Recalling the Ayatollah's return
When the revolutionary disturbances of 1978 broke out, Ayatollah Khomeini was being kept under tight control as an exile in the Shia holy city of Najaf, in Iraq.
Iraq was already being run by Saddam Hussein. Then the Shah of Iran asked Saddam to expel him.
It was a catastrophic misjudgement. The Ayatollah flew to France, and could suddenly speak to the entire world.
When the Shah eventually left Iran, in January 1979, the way was open for the Ayatollah to fly home and overthrow the imperial system.
Then we landed, and the Ayatollah was greeted by what some say is probably the largest crowd in human history.
The Islamic Republic was duly established in Iran; Muslim opinion around the world was galvanised; and a major new focus of opposition to Western liberalism took shape.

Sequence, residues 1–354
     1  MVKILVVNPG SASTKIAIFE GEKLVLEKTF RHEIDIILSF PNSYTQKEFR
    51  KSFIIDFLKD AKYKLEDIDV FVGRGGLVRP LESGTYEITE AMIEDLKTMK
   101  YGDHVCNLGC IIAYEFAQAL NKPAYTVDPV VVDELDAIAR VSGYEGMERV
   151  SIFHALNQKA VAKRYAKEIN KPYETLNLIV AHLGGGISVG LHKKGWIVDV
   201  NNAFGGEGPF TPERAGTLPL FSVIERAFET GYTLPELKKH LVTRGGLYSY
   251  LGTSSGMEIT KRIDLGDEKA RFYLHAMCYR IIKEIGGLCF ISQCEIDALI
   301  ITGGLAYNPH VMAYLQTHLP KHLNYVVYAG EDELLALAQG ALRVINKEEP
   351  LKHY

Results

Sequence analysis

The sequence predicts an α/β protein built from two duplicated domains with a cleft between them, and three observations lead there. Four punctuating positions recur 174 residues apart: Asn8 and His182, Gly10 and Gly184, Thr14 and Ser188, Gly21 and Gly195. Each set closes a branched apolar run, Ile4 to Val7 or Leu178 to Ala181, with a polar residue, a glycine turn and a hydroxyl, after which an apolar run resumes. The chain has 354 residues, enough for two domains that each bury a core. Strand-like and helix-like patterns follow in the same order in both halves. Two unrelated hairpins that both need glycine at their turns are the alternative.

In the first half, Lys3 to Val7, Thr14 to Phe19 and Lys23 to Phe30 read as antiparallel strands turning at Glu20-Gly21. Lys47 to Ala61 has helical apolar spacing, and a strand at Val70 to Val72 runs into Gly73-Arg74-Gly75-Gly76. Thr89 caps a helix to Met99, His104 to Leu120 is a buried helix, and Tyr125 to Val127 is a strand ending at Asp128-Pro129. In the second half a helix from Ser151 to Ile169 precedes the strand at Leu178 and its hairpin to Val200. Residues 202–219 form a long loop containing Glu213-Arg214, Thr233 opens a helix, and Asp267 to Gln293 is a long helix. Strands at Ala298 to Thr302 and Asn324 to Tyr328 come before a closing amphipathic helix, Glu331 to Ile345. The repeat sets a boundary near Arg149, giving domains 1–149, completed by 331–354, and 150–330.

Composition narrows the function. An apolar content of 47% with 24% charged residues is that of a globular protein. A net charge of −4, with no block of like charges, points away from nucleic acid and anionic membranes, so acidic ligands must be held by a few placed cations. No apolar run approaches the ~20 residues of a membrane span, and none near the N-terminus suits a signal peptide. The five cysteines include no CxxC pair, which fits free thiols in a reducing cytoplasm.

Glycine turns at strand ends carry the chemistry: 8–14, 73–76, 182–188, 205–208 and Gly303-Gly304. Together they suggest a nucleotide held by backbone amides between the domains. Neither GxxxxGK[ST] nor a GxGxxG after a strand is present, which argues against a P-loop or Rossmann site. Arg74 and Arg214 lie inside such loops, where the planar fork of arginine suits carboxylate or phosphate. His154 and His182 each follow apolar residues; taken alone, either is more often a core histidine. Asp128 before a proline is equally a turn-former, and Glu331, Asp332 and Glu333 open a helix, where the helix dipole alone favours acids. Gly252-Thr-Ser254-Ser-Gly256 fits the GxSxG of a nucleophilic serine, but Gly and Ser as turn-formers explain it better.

comments powered by Disqus
- Priests race to save manuscripts from jihadists in Iraq
- Where Mud Is Archaeological Gold, Russian History Grew on Trees
- Conflict Uncovers a Ukrainian Identity Crisis Over Deep Russian Roots
- Heirs Claim Bank Made Off with Nazi-Looted Art
- Stanley Kutler’s book on Nixon Watergate abuses has been turned into a show on the web
- China bans books by pro-Hong Kong historian who retired from Princeton
- George Mason's digital history program is 20 years old -- and celebrating